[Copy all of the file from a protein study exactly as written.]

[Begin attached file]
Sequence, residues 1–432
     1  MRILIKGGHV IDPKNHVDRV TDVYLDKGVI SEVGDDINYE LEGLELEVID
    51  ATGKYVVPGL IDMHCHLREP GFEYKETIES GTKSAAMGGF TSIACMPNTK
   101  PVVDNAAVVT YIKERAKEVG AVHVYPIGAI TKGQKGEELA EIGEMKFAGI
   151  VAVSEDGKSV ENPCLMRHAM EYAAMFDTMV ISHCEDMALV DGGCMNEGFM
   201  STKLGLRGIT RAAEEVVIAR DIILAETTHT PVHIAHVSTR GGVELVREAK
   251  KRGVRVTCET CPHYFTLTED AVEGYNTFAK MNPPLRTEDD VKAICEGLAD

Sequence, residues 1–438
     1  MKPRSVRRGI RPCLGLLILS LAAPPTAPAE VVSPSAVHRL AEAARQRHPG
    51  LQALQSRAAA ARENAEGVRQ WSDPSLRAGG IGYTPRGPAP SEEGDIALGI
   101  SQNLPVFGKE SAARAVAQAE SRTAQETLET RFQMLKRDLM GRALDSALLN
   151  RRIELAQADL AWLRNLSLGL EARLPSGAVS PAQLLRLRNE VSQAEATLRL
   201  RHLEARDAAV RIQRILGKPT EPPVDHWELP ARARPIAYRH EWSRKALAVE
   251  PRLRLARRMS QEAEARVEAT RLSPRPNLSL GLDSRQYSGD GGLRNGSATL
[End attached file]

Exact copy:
Sequence, residues 1–432
     1  MRILIKGGHV IDPKNHVDRV TDVYLDKGVI SEVGDDINYE LEGLELEVID
    51  ATGKYVVPGL IDMHCHLREP GFEYKETIES GTKSAAMGGF TSIACMPNTK
   101  PVVDNAAVVT YIKERAKEVG AVHVYPIGAI TKGQKGEELA EIGEMKFAGI
   151  VAVSEDGKSV ENPCLMRHAM EYAAMFDTMV ISHCEDMALV DGGCMNEGFM
   201  STKLGLRGIT RAAEEVVIAR DIILAETTHT PVHIAHVSTR GGVELVREAK
   251  KRGVRVTCET CPHYFTLTED AVEGYNTFAK MNPPLRTEDD VKAICEGLAD

Sequence, residues 1–438
     1  MKPRSVRRGI RPCLGLLILS LAAPPTAPAE VVSPSAVHRL AEAARQRHPG
    51  LQALQSRAAA ARENAEGVRQ WSDPSLRAGG IGYTPRGPAP SEEGDIALGI
   101  SQNLPVFGKE SAARAVAQAE SRTAQETLET RFQMLKRDLM GRALDSALLN
   151  RRIELAQADL AWLRNLSLGL EARLPSGAVS PAQLLRLRNE VSQAEATLRL
   201  RHLEARDAAV RIQRILGKPT EPPVDHWELP ARARPIAYRH EWSRKALAVE
   251  PRLRLARRMS QEAEARVEAT RLSPRPNLSL GLDSRQYSGD GGLRNGSATL